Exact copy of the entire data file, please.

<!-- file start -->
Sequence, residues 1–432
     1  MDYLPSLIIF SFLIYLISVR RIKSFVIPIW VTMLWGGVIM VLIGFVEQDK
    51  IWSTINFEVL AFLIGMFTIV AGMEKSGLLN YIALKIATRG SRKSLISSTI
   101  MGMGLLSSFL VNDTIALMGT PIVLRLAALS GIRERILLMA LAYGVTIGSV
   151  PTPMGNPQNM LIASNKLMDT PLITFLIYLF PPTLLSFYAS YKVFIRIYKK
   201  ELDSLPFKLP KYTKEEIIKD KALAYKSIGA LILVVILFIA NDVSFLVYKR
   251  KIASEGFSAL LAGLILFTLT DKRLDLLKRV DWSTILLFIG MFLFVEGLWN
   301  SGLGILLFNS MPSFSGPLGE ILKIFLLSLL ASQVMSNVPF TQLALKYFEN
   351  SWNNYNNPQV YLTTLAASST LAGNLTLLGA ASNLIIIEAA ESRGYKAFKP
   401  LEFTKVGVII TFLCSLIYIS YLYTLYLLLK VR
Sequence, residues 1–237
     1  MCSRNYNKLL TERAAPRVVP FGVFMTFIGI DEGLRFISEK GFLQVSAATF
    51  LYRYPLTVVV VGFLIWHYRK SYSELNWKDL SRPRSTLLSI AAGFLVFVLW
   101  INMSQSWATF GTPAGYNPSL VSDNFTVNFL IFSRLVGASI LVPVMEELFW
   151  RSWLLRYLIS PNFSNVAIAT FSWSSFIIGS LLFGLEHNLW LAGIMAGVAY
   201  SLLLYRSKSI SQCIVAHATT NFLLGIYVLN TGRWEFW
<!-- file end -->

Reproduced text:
Sequence, residues 1–432
     1  MDYLPSLIIF SFLIYLISVR RIKSFVIPIW VTMLWGGVIM VLIGFVEQDK
    51  IWSTINFEVL AFLIGMFTIV AGMEKSGLLN YIALKIATRG SRKSLISSTI
   101  MGMGLLSSFL VNDTIALMGT PIVLRLAALS GIRERILLMA LAYGVTIGSV
   151  PTPMGNPQNM LIASNKLMDT PLITFLIYLF PPTLLSFYAS YKVFIRIYKK
   201  ELDSLPFKLP KYTKEEIIKD KALAYKSIGA LILVVILFIA NDVSFLVYKR
   251  KIASEGFSAL LAGLILFTLT DKRLDLLKRV DWSTILLFIG MFLFVEGLWN
   301  SGLGILLFNS MPSFSGPLGE ILKIFLLSLL ASQVMSNVPF TQLALKYFEN
   351  SWNNYNNPQV YLTTLAASST LAGNLTLLGA ASNLIIIEAA ESRGYKAFKP
   401  LEFTKVGVII TFLCSLIYIS YLYTLYLLLK VR
Sequence, residues 1–237
     1  MCSRNYNKLL TERAAPRVVP FGVFMTFIGI DEGLRFISEK GFLQVSAATF
    51  LYRYPLTVVV VGFLIWHYRK SYSELNWKDL SRPRSTLLSI AAGFLVFVLW
   101  INMSQSWATF GTPAGYNPSL VSDNFTVNFL IFSRLVGASI LVPVMEELFW
   151  RSWLLRYLIS PNFSNVAIAT FSWSSFIIGS LLFGLEHNLW LAGIMAGVAY
   201  SLLLYRSKSI SQCIVAHATT NFLLGIYVLN TGRWEFW